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March 23, Ifftt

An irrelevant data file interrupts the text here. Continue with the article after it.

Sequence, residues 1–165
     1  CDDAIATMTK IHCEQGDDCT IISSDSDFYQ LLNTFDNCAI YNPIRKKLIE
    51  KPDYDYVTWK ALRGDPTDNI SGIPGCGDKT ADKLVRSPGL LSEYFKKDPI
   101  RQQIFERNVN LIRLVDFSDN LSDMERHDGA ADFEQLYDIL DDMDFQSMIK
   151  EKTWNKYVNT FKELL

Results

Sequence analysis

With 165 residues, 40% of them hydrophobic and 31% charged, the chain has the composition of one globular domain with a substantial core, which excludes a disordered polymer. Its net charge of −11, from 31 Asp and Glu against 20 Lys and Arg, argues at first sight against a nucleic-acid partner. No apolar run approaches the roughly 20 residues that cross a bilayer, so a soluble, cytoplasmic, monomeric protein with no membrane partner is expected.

THE CITIZEN SCORES W. J. BRYAN Harry Emerson Foarlirk, ProfeMor In fnion Thfoloirieal Seminary, In an article In trip New York Timea, fritiilsox Mr. Bryan for his ".incew hut appalling obscurantism." Here ar some extracts from Professor Foilirk's article: When Mr. Bryan reduce evolu tion to n hypothesis and then identi fies a hypothesis with a 'tmess. he is trinity of a sophistry so shallow and ratpnhle that one wonders nt his hardihood in risking it." "Today the evolutionary hyp'hesis, after many years of pitiless attacks and senrrhincr investipatlnn, is, as a whole, the mot adequate explanation of the facts with recard to the origin of speeies that we have yet attained, ar.d it was never so solidly pmttnded as today." "When therefore, Mr. Bryan says, "Neither Pnrwin nor his supporters have hern able to find a fact in the universe to support their hypothesis', it would he difficult to imaeine a statemert wore obviously and dem onstrably mistaken. The real situa tion is that every fart on which in vestigation has heen ahle to lay its hand helps to confirm the hypothesis of evolution. There is no known fart which stands out acainst it." "He (Mr. Bryan) says, 'Ts it not stranre that a Christian will accept Darwinism as a substitute for the Bihle when the Bihle not only does not support Pnrwinism hut directly and expressly eontrndirts it?' What other interpretation of such a state ment 's possible except this? thaf the Bible is for Mr. Bryan an author itative textbook in biolotry and, if in bioloey, why not in astronomy, fosmotrony. chemistry or any other science, art or concern of man what ever? One who is acquainted with the history of theolotrical thouirht pasps as he reads this," "Martin Lather attacked Copernicus with the same appeal which Mr. Bryan uses. He appealed to the Bible. He said. This fool wishes to reverse the en tire science of astronomy, but sacred scripture tells us that Joshua com manded the sun to stand still and not the earth.'" 'Father Inchoper felt so cor-fidcnt that he cried, 'The opinion of the earth's motion is of til heresies the mit abominable, the wost pernicious, the most scanda lous: the immovability of the earth is thrice sacred, argument atrainst the immortality of the soul, the ex istence of God, and the incarnation should be tolerated sooner than ar fcrsrumert to prove the earth moves.' " The Dignity of Man "The fundamental interest wh'Vh leads Mr. Ervan and others of his school to bate evolution is the fear that it will depreciate the dipnity .if man. Just what do they vnev.n ? Even in the Book of Genesis God made man out of the dust of earth. Purely, that is low enouirh to start and evolution starts no lower. So lonjr ns God is the Creative Power, what difference does it make whether out of the dust by sudden fiat or out of the dust by gradual process God brought man into being? Here man is and what he is he is. Were it decided that God had dropped him from the sky, he still would be the BEREA COLLEGE -T-4 t 1 3'wrsis, ?. , ' t r.Jt7 1 H' Hanoi I ' vf:-;. -rtr? L ... a. -. t "i - s.Vwtv-is. vn.'t'V. . a--il i ' man he is. If it la derided that God brought him up by slow (rradationt out of lower forms of life, he still is the man he la. "The fact Is that the process by which man ra me to he upon the planet is a very important scientific problem, but, it Is not a crucially important religious problem. Origins prove nothing in the realm of values. To all folk of spiritual insight man. no matter by what process he at first arrived, Is the rhild of God. made in His imago, destined for His char acter. If one could appeal directly to Mr. Bryan he would wi?h to say: let the scientists thrash out the prob lems of man's biological origin but in the meantime do not teach men that if God did not make us by fiat then we have nothing but a bestial heritage. That is a lie which, once believed, will have a terrific harvest. It is roprctablo business that a prominent Christian should be teach ing that." The Real Enemies of Christian Faith "Indeed, the real enemies of the Christian faith, so far as our stu dents are concerned, are not the evo lutionary biologists, but folk like Mr. Bryan who insist on setting up arti ficial adhesions between Christianity end outgrown scientific opinions, and who proclaim that we cannot have one without te other. The pity is that so many students will believe him and, finding it impossible to re tain the outgrown scientific opinions, will give up Christianity in accord ance with Mr. Bryan's insistence that they must" Man's Thought of God "But the effect of evolution upon man's thought of lod, as every seri ous student of theology knows, has been d:rectly the opposite of what Mr. Bryan supposes. It was in the eighteenth century that men thought of God as the vague, dim figure over the crest of the first hill who gave this universr.I toboggan its primeval shove and has been watching it slid ing ever since. It was in the eight eenth century that God was thought of as the absentee landlord who had built the bouse and left it as the shipwright who had built the ship and then turned it over to the mas ter mariners, his natural laws. Such ideas of God are associated with eighteenth century Deism, but the nineteenth century's most character istic thought of God was in terms of immanence God here in this world, the life of all that lives, the sus taining energy of all that exists, as our spirits aro in our bodies, per meating vitalizing, directing all. "The ideal of evolution was one of the great factors in this most profit able cb".nge." Mr. Huxley's reply to Bishop Wil berforce, when the latter asked him whether he was related by his grandfather's or his grandmother's ;de to the ape, niig'it well be ad dressed to) Mr Bryan: "I asserted, and I repeat, that a man has no rea son to be ashamed of having an ape for his grandfather. If there were an ancestor whom I shouldt feel shame in recalling, it would be n man, a man of restless and versatile, intellect who, rot content with equi vocal success in his own sphere of First Term Opens June 16, 1922 i -. a--- . c a csj m cloyd n. McAllister Director Summer School tiid niDiniv rttr Tnp upd ' llin I tnnwttrs irr a 11 r.is- CHANT AND THE HUSBAND MAN Now there was a certain husband man who dwelt among the bill, and he had many flocks and herds. And he ruled over broad fields and (Treat forests. And in his country he was a man of righteousness, for he gave liberally to the poor and his house was open always. And he abode In uprightness and flourished gToatly. J It rame to pass that the husband-, man found himself in need of certain articles, and he gathered op great store, even a wagon load of the pro duce of his flocks and herds, and of , the fruits of his fields, and he went into a city to sell and to buy, for, those who dwelt In the city had need of his goods and he had need of, theirs. And he came to the house of. a merchant and offered to sell his I I produce and buy the merchant's; I goods. Then the mrtvhnnt said, "Yea, 1 1 I will gladly sell to thee. These shoes j are Nineteen Dollars per pair, and this suit, which weigheth six pounds and is all wool, thou mayst have for Seventy-nine Dollars and ninety-j eight rents The price hath been re-1 duced from Eighty Dollars. I will I sell thee groceries at equal cheap-! ness, for this is the home of low j prices." Then spake the husbandman say-j ing, '1 do perceive that thou askest generous prices for thy goods. Now ; if it please thee, what prices rant j thou offer for my produce? Here Ij have the choicest products of my flocks and fields." And the merchant ; answered him saying, "Corn is worth fiftv rents per bushel and wheat One I Dollar. For the cowhides whVh ' thou hast, I can pay thee thirty rents each, for ore of them will nor rnake more than nine pairs of shoes; i and for the wool I might pay thee ; Men rents per pound, for it is of good ! duality and five or six pounds of it will make a good suit of clothes." I Then said the husbandman, "Go ! thou to the lake that hurneth. I will j seek me another merchant who is n t jr. thief." And he departed ml visited a!I those who bought and s '! ' j in that town, but there was an agree ment among them and no competi tion, and they were all like unto the i first. j Then the husbandman shook the dust from his feet against that town, land departed, saying. "Yea, th" Devil' is fortunate yet a little while, for1 ! these nien harts are still amor" the ! living." j .nd the husbaid i,n sough' his own country find returned unto his: house, and took down from the wall an old he-musket of the vintage Harper's Ferry, 'C4. And beho'd, ; was good, and the triggers and ham mers and works thereof gave forth a pleasant sound whe ;.r did w .rk them. And ho charged the musket v !th a handful of powder and three pounds of dynamite, and loaded the barrel full of snw teeth, horse-Fhoe activity, plunges into scientific ques- ; tions with which he has no real ac qiiaintam e. only to obscure them by an aimless rhetoric. Geo. H. Felton Special Attention Given to Teacher COURSES OFFERED IN ALL THE COLLTXiK-Ilotanv, Chemistry, Ivdurntion, Eng lish, French, Mathematics, I'sycholo-ty, Ag riculture, Public Speaking. NORMAL SCHOOI.-Kclucation. Psychology, Mathematics, Science, English. Drawing, Play and (lames. Recreation, Weaving, Cooking and Nutrition, History, Rural Soci ology. ACADEMY History, Algebra, Geometry, Phys ics, English, Latin. VOCATIONAL SCHOOL Commerce, Home Science, Agriculture, Stenography, Type writing, Weaving. FOUNDATION SCHOOL-For making up de ficiencies necessary lor entrance in a sec ondary school. SUMMER SCHOOL EXPENSES Firs Weeks Tea Weeks Incidental Fe f 7X0 t 12-50 KiMira Kent J.00 10.00 Table Board (Women) 13.00 SO.OO Total for Women f 27X0 I 12 50 TabU Board for Men 18.25 12X0 Total for Ms f 28.74 f 65.00 Write for accommodations or other information to nails, flint rocks, broken 1as, lie siap and brimstone. And h blessed it and returned to that town. And he made a great slaughter of the merchants and slew abort four thousand of them, and spoiled their goods. And the name of that town is forgotten. Now when the husbandman wa returned from the slaughter, his neighbors set him In a high placa and elected him school trustee, and they abode In good fellowship all the days of their lives and went no more to the local merchants, but kept for themselves and their children the fat of the land. And when one lacked shoes or clothing, he sent unto the mail order houses, and it was well with his purse. This parable sheweth that preed over-reacheth itself. Alson Baker You Nevtr Can Tell. i "Ami o jet iiiiollier urtisl s iiimlel : llie;iii t" write lor iiu'innirs 'Toer -tuiT. I lii r vi T" "I knew. Tut there m,iv he gmtd llllltr:ltli'll Apprehansik. "Tills 1- .1 f:ihioti;il'le LTillriMiin." 'es le-'e. nil ti e utlitT I. iil.es lire smoklnir " "So I see ln vol it, ink (he will llt lis out f.r llnl "Il'.oklPli ' " NEWS REVIEW (Continued from Cage One) llgreellu-nt " "Some tbelll liecVled" their leader. nly the imfullinif K""d nature of the Alabaman taed off a stormy session. It whs 11 situation that only un experienced and able man could meet. Next 1 nine an aaaault on the treaty by Senator Itoruh of Idaho and Sena tot Johpson. of California. Kepullqaa .1 re. ullcil.n.le- Ti.i qu'i -C :..ut d (I.i authorship of the treaty .!e-..ite Ihe ; letter froth Sis ret. 1 r Hughes. Senator I l.iie of Massa. hoi tt. ma lorlt i I.m I.t. made them mliiot they had not 1 meant to reflect on the xeraclty of ; Secretary llutfl.es. In effect the two senators M-.wle.l the treaty lis a ' quadruple itlU.iii.e ' Senator I unroot of WK. onvn nnswi ml thi-iu. The pro treaty forces s. ored a vle ory Tuesday when they voted down ail amen. Ina nt h Senator Joseph T ' U.iMtisoti of Arkaiisiis I'eoigned to w reck the treat . The H..I.II '01 altielalmetit would tune had the efct of eoiiM-rtltii: the four ". wit pi. t Int., H league of natiot s t pledged all II. signatories to respei t a. h other's t. r rttorial Integrity aiel to . ..i It h a ' . of impression nt- ii si any 1. allot : side the pact, h urt i.ertiiore. It pr.c. 0 ed. Ill case of disputes, tha' ..ilt-ole ' . I tiollS Interested should he iliMte.l ' participate in ui.feri t. e. hel.l p.. I. the terms of the tour poi r pa. t The M.te wa .V. t.. l;:.-x.!i Iters were ahsei.t. S wore pair ' The live lllip.iltei! ahselilies ,, IV . counted for rant .at on. I our I;, p IP ans. coiiimitieil ..j. 11. st r.ii .ti'.it voted for the ana 'hot lit . I'...l.i!i Idaho. Jul . on ot niiffi'loa. I.a I " lotto of i. ot s o , Ptnn. e ,.f l .1 laud, l our I wa.ot r..t : 'I ust it : I 'title r .-"I A i.i .in 1 1 1 . 1 1 1 1 1 . i of II. in. l:ati.e!! 1 1 o.slal a Williams oi M , p, l.a'.T - m. iiiiit'inlmeiits tn -s. in, tors WhIsI. 'I .Montana and I'ltl.n.i'i of V. va.la. . -: 1 leinlas. were M.tid down hj stautially the siinr ote. Tl 1 ti a series of utiieiolmetiis and reser a' n-r-was diimpeil it. to the hamper to I. SUMMER SCHOOL Suitable Courses to Meet All Training and Community Service SCHOOLS OF BEREA COLLEGE LOCATION: IWca College is located in the beautiful little town of Herea, Ky., on the dividing ridge between the Mountains and the Hlue Grass. The situation is admirably adapted for summer study. The spacious grounds, cool shades, pleasant walks, and scenic drives are ideal for recre ation and pleasure. A trip to Anglin Falls, Drush Creek Caves, lVxmcslwro Fort and "Uncle Tom's Cabin" will never be forgot ten. The large library, comfortable class rooms, and interesting instructors promote xl scholarship. All courses are standard. leading to secondary diplomas or College degrees. The Normal courses are on a level with State Normal School requinnients ar.d lead to State Certificates. MARSHALL E. VAUGHN, Secretary Here a College Berea, Kentucky Berea College Hospital Best Equipment and Service at Ixiwesl Cost. Wards for Men and lor Wocien. Sun 1'srlor, Private Rooms limits, Klectrlc Merrier. Surf ery, Care in Child-birth, Eye, Nose and Ear GENERAL PRACTICE Cow in and Wil an rstnlilisliment, which is trirn.l in neetl, and In iu.h of all (lit people. Roatat H. Cowitr, M,D. Ph-ilcl H A at-a si lU'M.ki, M.i.., I'IitsicIhii I'iari. H Hoavt, M. I , I'liT'irsn Miss K.i.iAHrtii I.. I.swi, K. N . Suprnnlr aalent Miss Ntl.l. liAsnrM, K. N., Head Nurse CHANGE IN RATES Kates for hoard and room of pntair pnlirtits will hp f 14 to $.15 er erk : fj.to to $ I 1... per tiny. 'I lie rule, (or pati ent! rami for In the arl i $0 per da?. By Ordrr of I'rinlcnlial Committer. Ilrrra College ready for "present at dm In-fore Hie final roll rail. I IKK to I'ntle Sam Inst how lnut ' seem Just ol.tt treaty after 11 n other oway. he .tt-elitei last week to the liMie.l I ipai .1 1 :.tis itiintto 's,., i, In ':, 1 1 a lull for S'J i.iaai.ii f,. the t ' p. ii-.s o ''if Aiiior.an altn of is'. u .., 1 n ,.ii t I t III Ine up to M m I l'.il I ' aille l . ..no 1 s....i, i 11 ; . tired ti" tn Imtoi loii ih.iweii s,r' 1 1 1 1 1 nt -lit k tit . ill .Hi a spindle oil st e. !'e Were eliaed III til V i'l ilikT up athoOi; 1hil"-i Ut's a reparn I Inli- payiueiit of l.it. kol. I mark-In tit-rumfiy aid tialiiru'U ritfarile't the . resent. iti. n of the American claim which to .late Is sitmcththff like 5.'t'il lasnasi as , ry had form. They there fore wiished their hands of the matter iind relerretl It to the allied govern un tits The I'rt iit h press sets forth what N presiimal ly the allieil lew : The I nn ed Stales declined to ratify the treaty of Versailles, hence It hits nu Icta1 I11I111 tn payment under Its terms. The I lilted States made Its own separate treaty with llermany; therefore It should tin Its own collecting: frtun tier tiiaiiy. The British press- some of It thinks that, while I n. lo s,,,M ,iia 110 local claim, he may hae 11 moral lit 1 111 . hut why ilnln I he sp,.ai up sooner? Ai! of whh h lends emphasis l. I I if s.'.yi'H if the Mill oil the Slr.et "We h.ur all the real money ill the world attl for thai very it i-.mi not a s i tic id. 1 'rieiid " 1 1 1 ! 1 1 1 1 the new t'ui..tii'i; cci.imiss on to s. . w I, at can h" lore lihout He eli v. li . llhons of allied 'lehts is in tor all a.lv cht life DIi til rein, in'.t r l.oml tn run. h's f.ni.t.iis . ar' lep.t t a f:i:u il) .0.111.II ..I the I'.riti-h I. ion's rest I.-s hr.s'd tliti'L the World r! Well, the I 1. loii of South Afn i.i l sine restless Ijist wt.i, s.i .v the climax ami suj pit s-ion ttf the stril-t- of miners whh h has hel.l South Africa in lis np for more than two months It had ail the hallmarks ..f an attempt at rt volu tion. The stnkeis captured half a dozen towns am! neatly jpd p.tsses Shin of .It hlltlliesl in g (it'll Jail flirts t In tl Smuts, the premier, prut In med martial law, exile! out all the covern ri it'll f troops and took eoiiimand In f r ton. ( 't tisored reports show the klllini; of more than !" strikers, police noil Soldiers I ir ctlll'h . holl hs, mil. him- Iflins. Mir. lanes ami tanks Ilk'Ured In the filitltitf ; cities were h. .tnha n led : thousands of strikers w.'e captured. If was real war fur a week. The South African Industrial fe. I. ration then declared the strike ofT and denied itillipllilty III the n hellloll. This mall Smuts Is a stroi.i; mail. He has riiem from a Imtt h K.-neial In the l".. r war to one of the li-adln statesmen of the llrltisti ei.iiituonwealth of nations, its he tails It. Many lelieve Smuts t., I.. the hirlctd nio''T to I. hod lit-.tu'i' '',.T-,.-Xj s. 1 rH"; NKW tangles mark the cMiiplliaiterl situation in li.dhi. The arrest of Camlhl. lender of the noli ew-oirratloli-Ists. WHS follow etl hy wltlespread pro tests from all the Moslem worlil. Ttien Itrltaln wiia sliirtletl hy the unauthor ised puldliiitloii hy K. S. Mnataicu, llrltlsh sts retiiry of stale for IniMa, of a telegram fnmi the India government making demands for the restoration of Turkey. This constitutes an appeal to the worhl l a auhortllniite Hrltlsh Itoveniineiil oer the heml of IM Im perial government. I.loyd !tsrge een. sured Mr. Motilagii 11ml ilemaiHleil hi reslgtialioli. Mr. Monfiigil resigned, hut talked hat k pntting I.loyd George snd Oirioti 011 the defensive. Lord lThy was asked to take the secretsry shlp for Indlu and ilecllned. ThU, eom Ing upon the failure of the unionists' tiieetlng Tuesil'ty fo give I.loyd (ienrge a vote of eoiifidt in e. fins raised strain the pussihiMtv of the resignation of the preo.ler Ills p.'l'lcal eto-mles hold It impossible for him to retain the post tloti. Neverthelt s It has h-en an liouiicetl that I.loyd lieorge and ("urzoh will attend the itiitM conference April 10. RKVISIiiV of the itetiihHcan sol dier holms hill was nntsheil Tues day hv the ways and means cot 11 lad t tee which thereupon rviorted the measure to the house hy il vote of 1H to !i. The program tails !.r proinpl (iiimuige .f the hill hy the house Id ptirt la that .he s. naie will t '1 accept the hlfl as It comes from the ht.'i-e nt.. I that a long Itliv 111 the senate flitaiice Knmltts is Itievifal le 'the hill provide cash Im IiUsos oi lv for veterans entitled tt less than . 11 lour options are flven in oiliers un mlhisteil service rertlfl ate farm or home aid. Iiiml settle inert aid. urn! vocational I mining II l.tioKS a' if All fiH.ls' lhi would I. let. rate I hv a strike of 1 1 coal miners. Secretary of Labor Imvls did not mi. , ced la-t week In gitllng the operators and men for conference on a new wage agreement. Neither side appears to ,a:e particularly whether or not the strike comes The enljr con solation for the piihlli- lies In the prob ability that some of the mining r)is : r' s vv HI keep at work. Marv 1 oir.h 11 I Imago's nrhUer of g .mil opeta, si.t, !t,.t some of the high pri i-.l st ,rs must nil the htMine or ..il e 'e-.- pay . T cet out I r.le Sain is 1. ported to lie cttnsld el IV Ihe ntco-'aMolt of trtaties with i.t.at I I tatli atnl I I.I .1 lo put end I-. 11. pi-.t - en. -.1 t n.tti the United M 't, -Cielio its : ie 1 rc'll.ili.g tlt the a opai jti of the fnture pi. -i'l. 1 ! : 1 . will I 1 I .It. .0 W hal 1 h wlrvtetvH tele- : - 1 1. at st,,ry ahaut the was e'ei letl het-auhe he 1. .in r w I to oi e his . g ami the voters uevrr saw Needs wmm mmm 7j XLU i - V . " " - 111'" V. i i . '